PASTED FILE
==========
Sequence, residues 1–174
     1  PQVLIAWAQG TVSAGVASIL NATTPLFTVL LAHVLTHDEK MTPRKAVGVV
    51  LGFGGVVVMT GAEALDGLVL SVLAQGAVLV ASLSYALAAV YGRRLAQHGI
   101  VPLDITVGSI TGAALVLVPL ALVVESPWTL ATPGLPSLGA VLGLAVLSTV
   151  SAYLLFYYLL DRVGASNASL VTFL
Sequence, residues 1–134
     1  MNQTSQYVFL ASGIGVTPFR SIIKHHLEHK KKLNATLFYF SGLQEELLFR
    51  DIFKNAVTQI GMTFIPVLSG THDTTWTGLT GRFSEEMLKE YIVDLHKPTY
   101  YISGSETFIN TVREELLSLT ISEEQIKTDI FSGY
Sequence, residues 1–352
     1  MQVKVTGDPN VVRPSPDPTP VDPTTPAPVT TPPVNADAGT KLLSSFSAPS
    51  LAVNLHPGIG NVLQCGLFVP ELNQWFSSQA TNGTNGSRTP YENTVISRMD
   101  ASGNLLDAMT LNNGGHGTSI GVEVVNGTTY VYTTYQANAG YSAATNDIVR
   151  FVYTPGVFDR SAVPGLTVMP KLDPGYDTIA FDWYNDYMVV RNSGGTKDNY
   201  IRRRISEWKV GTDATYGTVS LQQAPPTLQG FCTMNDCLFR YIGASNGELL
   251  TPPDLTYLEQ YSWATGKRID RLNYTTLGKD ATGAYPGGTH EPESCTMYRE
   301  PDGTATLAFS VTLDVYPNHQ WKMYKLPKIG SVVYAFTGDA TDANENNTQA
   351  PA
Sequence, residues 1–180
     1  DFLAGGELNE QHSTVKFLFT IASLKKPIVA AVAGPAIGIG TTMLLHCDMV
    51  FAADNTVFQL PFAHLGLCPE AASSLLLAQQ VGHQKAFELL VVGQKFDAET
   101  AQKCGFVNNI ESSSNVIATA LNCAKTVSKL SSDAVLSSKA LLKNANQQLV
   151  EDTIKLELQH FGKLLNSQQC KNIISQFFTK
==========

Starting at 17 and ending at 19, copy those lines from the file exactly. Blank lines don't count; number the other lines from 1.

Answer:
   301  PDGTATLAFS VTLDVYPNHQ WKMYKLPKIG SVVYAFTGDA TDANENNTQA
   351  PA
Sequence, residues 1–180